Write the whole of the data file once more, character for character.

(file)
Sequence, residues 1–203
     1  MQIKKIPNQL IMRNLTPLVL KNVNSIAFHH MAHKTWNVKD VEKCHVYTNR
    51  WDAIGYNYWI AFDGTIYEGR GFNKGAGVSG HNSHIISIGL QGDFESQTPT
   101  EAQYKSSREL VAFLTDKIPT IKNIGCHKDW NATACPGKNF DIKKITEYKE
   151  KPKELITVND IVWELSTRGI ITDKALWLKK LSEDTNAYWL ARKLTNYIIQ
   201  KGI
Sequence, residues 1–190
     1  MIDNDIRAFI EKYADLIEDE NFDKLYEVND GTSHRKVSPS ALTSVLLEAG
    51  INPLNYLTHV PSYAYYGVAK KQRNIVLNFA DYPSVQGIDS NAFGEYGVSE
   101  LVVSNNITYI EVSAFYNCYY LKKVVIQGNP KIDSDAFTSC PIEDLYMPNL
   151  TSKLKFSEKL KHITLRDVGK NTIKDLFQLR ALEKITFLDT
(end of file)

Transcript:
Sequence, residues 1–203
     1  MQIKKIPNQL IMRNLTPLVL KNVNSIAFHH MAHKTWNVKD VEKCHVYTNR
    51  WDAIGYNYWI AFDGTIYEGR GFNKGAGVSG HNSHIISIGL QGDFESQTPT
   101  EAQYKSSREL VAFLTDKIPT IKNIGCHKDW NATACPGKNF DIKKITEYKE
   151  KPKELITVND IVWELSTRGI ITDKALWLKK LSEDTNAYWL ARKLTNYIIQ
   201  KGI
Sequence, residues 1–190
     1  MIDNDIRAFI EKYADLIEDE NFDKLYEVND GTSHRKVSPS ALTSVLLEAG
    51  INPLNYLTHV PSYAYYGVAK KQRNIVLNFA DYPSVQGIDS NAFGEYGVSE
   101  LVVSNNITYI EVSAFYNCYY LKKVVIQGNP KIDSDAFTSC PIEDLYMPNL
   151  TSKLKFSEKL KHITLRDVGK NTIKDLFQLR ALEKITFLDT